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The day book. (Chicago, Ill.) 1911-1917, November 30, 1914, LAST EDITION, Image 10

Image and text provided by University of Illinois at Urbana-Champaign Library, Urbana, IL

Persistent link: http://chroniclingamerica.loc.gov/lccn/sn83045487/1914-11-30/ed-1/seq-10/

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London, Eng., Nov,. 30. "Then I
must get work at the queen's sweat
shops if I can," said the Little
"Will you take me with you?" I
asked. Her brave smile gave con
sent. Up ana down the Old Ford rd.
in Bow, East End, home workers
laden with bundles, crept through the
London fog. They were the lucky
ones, women who still had work. Un
employment caused by the war in
creases among women in London at
the rate of 1,000 a week. Working
people never want war. War stead
ily undermines their income. And it
is always the working women who
suffer most.
"Boot leather and raw wool are aw
ful costly since the government be
gan buying for the soldiers," ex
plained the Little Dressmaker. "That
means half time, reduced wages, no
work to be had, all on account of the
war. The sugar factories are closing,
the clothing factories snut down, not
a job in Pudding Lane.
Among my papers lay a .prohibited
The low wage labor market is dis
located. Even starvation wages can
not be had. Approximately 60,000
women workers are unemployed in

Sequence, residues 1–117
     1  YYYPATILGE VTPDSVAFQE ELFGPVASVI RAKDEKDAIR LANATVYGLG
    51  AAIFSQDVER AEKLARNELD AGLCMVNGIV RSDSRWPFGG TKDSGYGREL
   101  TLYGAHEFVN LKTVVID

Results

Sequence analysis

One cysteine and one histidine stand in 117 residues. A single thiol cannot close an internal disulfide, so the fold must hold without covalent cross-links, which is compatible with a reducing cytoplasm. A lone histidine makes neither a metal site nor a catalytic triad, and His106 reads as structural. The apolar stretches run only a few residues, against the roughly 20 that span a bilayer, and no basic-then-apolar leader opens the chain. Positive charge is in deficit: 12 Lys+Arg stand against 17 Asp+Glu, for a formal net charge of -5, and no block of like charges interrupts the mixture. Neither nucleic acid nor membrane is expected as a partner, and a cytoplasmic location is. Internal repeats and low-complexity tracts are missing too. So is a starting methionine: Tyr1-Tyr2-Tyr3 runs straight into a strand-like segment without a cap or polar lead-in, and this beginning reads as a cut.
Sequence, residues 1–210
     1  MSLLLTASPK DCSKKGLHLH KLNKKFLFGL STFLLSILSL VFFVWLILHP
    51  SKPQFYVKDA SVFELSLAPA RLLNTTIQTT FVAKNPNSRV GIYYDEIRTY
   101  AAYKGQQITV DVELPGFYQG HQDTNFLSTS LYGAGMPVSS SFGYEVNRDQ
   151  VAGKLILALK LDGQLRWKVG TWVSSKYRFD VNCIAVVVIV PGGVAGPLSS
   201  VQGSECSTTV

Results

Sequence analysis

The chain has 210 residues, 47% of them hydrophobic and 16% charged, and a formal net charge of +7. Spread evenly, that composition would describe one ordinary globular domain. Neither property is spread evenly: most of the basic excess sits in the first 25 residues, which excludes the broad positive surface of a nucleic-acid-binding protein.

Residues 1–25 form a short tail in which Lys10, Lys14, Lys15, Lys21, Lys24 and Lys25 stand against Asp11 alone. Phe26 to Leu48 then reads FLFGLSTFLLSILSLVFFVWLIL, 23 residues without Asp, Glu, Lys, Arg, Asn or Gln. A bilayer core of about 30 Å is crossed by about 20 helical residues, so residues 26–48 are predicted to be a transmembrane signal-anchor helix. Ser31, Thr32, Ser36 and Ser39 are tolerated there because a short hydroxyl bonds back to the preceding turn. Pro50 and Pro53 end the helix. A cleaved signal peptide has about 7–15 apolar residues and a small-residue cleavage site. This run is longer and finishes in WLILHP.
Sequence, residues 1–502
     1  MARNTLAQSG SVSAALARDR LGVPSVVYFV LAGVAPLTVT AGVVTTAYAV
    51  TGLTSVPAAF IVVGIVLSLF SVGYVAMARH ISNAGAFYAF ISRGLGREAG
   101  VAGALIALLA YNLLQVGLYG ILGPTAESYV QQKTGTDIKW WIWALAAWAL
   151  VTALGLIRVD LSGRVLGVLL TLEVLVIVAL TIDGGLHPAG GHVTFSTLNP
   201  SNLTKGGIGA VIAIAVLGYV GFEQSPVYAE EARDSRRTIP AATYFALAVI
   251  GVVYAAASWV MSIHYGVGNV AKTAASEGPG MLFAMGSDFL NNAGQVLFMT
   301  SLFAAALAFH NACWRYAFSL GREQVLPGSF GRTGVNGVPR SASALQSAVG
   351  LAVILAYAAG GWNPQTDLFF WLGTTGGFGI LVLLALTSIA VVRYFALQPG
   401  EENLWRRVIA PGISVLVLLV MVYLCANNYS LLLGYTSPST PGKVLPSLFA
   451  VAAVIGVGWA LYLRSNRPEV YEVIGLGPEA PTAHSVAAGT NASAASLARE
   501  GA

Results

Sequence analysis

London. Of the 66,000 dressmakers,
one-quarter are idle, six in every nine
on short time. Last year 507 women
sought jobs at the Central Unem
ployed Bureau in a given period. This
year the number was 8,310.
This at the beginning of a three
years' war and a hard winter. The
miseries of Belgium are more poig
nant, but hardly less bitter than the
coming sorrows of London.
From matches to meat all things
have gone up in price. Bread has
risen to 12 cents for a quarter loaf,
sugar from 5 cents to 12 cents, rice
(lately 4 cents) now costs 3 cents,
bacon is an unobtainable luxury in
the homes of the poor, knuckle ends
of mutton, lately 9 cents a pound, to
day cost 17 cents ana food prices
continue to rise.
To meet the inevitable misery of
war-haunted winter p'rlvate charity
has given $20,000,000 to the Prince
of Wales fund and the queen's fund
to be expended for relief through
H.71 Queen Mexrjj.
public workrooms. So terrible is the
distress already that 17 of the 29
London boroughs have already sub
mitted schemes to establish work
rooms subsidized by the queen's fund.
Only last week her majesty, Queen
Mary visited her workshop amid
paeans of praise, to investigate condi
tions, observe progress and signify
her royal approval.
The Little Dressmaker and I en
tered the narrow door of such a shop.
In a crowd of anxious, patient women
we listened while the directress its

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